« PreviousContinue »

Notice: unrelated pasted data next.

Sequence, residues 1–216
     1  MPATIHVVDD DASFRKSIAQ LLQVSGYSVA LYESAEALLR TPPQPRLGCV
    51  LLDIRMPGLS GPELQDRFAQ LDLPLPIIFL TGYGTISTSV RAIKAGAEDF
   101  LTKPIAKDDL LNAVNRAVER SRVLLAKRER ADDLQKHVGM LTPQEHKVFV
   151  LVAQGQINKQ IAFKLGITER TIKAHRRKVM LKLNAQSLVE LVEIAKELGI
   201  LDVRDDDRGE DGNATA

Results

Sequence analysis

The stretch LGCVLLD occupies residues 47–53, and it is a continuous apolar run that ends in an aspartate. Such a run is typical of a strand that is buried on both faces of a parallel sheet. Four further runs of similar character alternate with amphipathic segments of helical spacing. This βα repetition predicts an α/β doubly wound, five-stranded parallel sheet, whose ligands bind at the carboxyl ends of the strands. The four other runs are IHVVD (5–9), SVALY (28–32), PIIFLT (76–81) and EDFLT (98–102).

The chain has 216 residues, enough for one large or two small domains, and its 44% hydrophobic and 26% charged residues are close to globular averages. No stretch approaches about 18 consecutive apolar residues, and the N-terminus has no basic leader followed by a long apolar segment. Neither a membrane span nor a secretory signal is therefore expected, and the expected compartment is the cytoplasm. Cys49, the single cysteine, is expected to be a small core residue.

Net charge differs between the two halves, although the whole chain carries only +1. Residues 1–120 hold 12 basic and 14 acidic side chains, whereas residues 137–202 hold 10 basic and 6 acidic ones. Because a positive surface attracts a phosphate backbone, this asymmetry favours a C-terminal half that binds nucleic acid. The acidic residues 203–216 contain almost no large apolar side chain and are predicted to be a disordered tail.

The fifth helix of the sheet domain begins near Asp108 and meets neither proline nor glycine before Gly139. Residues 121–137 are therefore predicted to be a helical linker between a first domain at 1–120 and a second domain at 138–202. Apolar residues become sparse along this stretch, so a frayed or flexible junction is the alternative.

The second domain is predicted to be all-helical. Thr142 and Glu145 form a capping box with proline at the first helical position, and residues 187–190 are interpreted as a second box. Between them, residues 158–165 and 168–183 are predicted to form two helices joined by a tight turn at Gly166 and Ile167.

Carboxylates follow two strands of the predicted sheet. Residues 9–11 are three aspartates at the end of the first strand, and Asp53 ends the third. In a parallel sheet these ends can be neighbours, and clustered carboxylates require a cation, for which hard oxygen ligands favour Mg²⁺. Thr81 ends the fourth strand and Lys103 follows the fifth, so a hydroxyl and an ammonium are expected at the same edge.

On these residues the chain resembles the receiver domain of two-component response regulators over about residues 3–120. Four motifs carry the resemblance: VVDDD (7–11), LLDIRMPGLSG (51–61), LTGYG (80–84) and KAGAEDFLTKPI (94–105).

Translate: * Verses are produced when drawn from an untroubled mind ; my days are clouded over with sudden misfortunes. Verses demand retirement and ease in their writer; I am tossed to and fro by sea and winds and the wild storm. Verses have no part in any kind of fear ; I, a ruined man, am every moment thinking that the sword will touch my throat.' Juvenal (7. 53—73) has finely enlarged upon the commonplace that the poet should be free from the fears and anxieties of the vulgar. The sentiment is repeated with mournful insistance, v. 12. 3, * carmina laetum Sunt opus et pacem mentis habere volunt.' l. 47. da mihi, etc., * Give me a Homer's self—marking well my many sorrows—and all his powers will fail him in the presence of such heavy woes.' The sufferings I am exposed to are enough to have chilled the poetic fire of Homer himself (P. iv. 2. 21) :— “Si quis in hac ipsum terra possuisset Homerum ; esset, crede mihi, factus et ille Getes.' The expression da mihi is a general formula, not addressed to the reader personally, equivalent to *if I were to become Homer.' So P. iv. 1 17 :— * Da mihi, si quid ea est, hebetantem pectora Lethen, oblitus potero non tamen esse tui.' Rem. 63, 64. The imperative contains the protasis to a condit. sentence, which in its simple form would run * Si dabis mihi Maeoniden et tot casus circumspicies—excidet,' etc. Cp. Am. i. io. 64, * quod nego poscenti, desine velle (= si desines velle) dabo ;' Job i. 1 1, ' Put forth thine hand now, and touch all that he hath, and he will curse thee to thy face.' Tantis malis, abl. of circumstance. Maeoniden (Milton P. L. iii. 35), a name of Homer, either ' because Smyrna in Lydia, anciently called Maeonia, was one of the towns that claimed his birthplace; or, more probably, because Maeon, a legendary king of Lydia, was his putative father (Aristotle ap. Pseudoplutarch, de vita et poesi Homeri i. 3). 1. 49. famae securus =sime cura famae, * without a thought for fame.' l. 5o. [* nor be ashamed ifyou donot please when read.—H. J. R.] l. 53. The tituli were notice-boards attached to poles carried by the soldiers in triumphal processions, containing lists of the number and »£. names of prisoners and other spoils taken, etc. Hence tituli came to mean the distinctions of a general, and in general, glory, renown. Contrast 1. 7 and 1. 67 where titulus =* lettering piece.' See Appendix on 1. 5. Thus, here tituli amor = laudis amor, v. 12. 38, and in inf. I 1. 3o, mostrae mortis titulus = “ the distinction of having slain me.' • l. 56. sic fuga parta = hoc studio f. p. sup. 21, n. It is enough for me not to hate that very gift of poesy that brought about my banishment.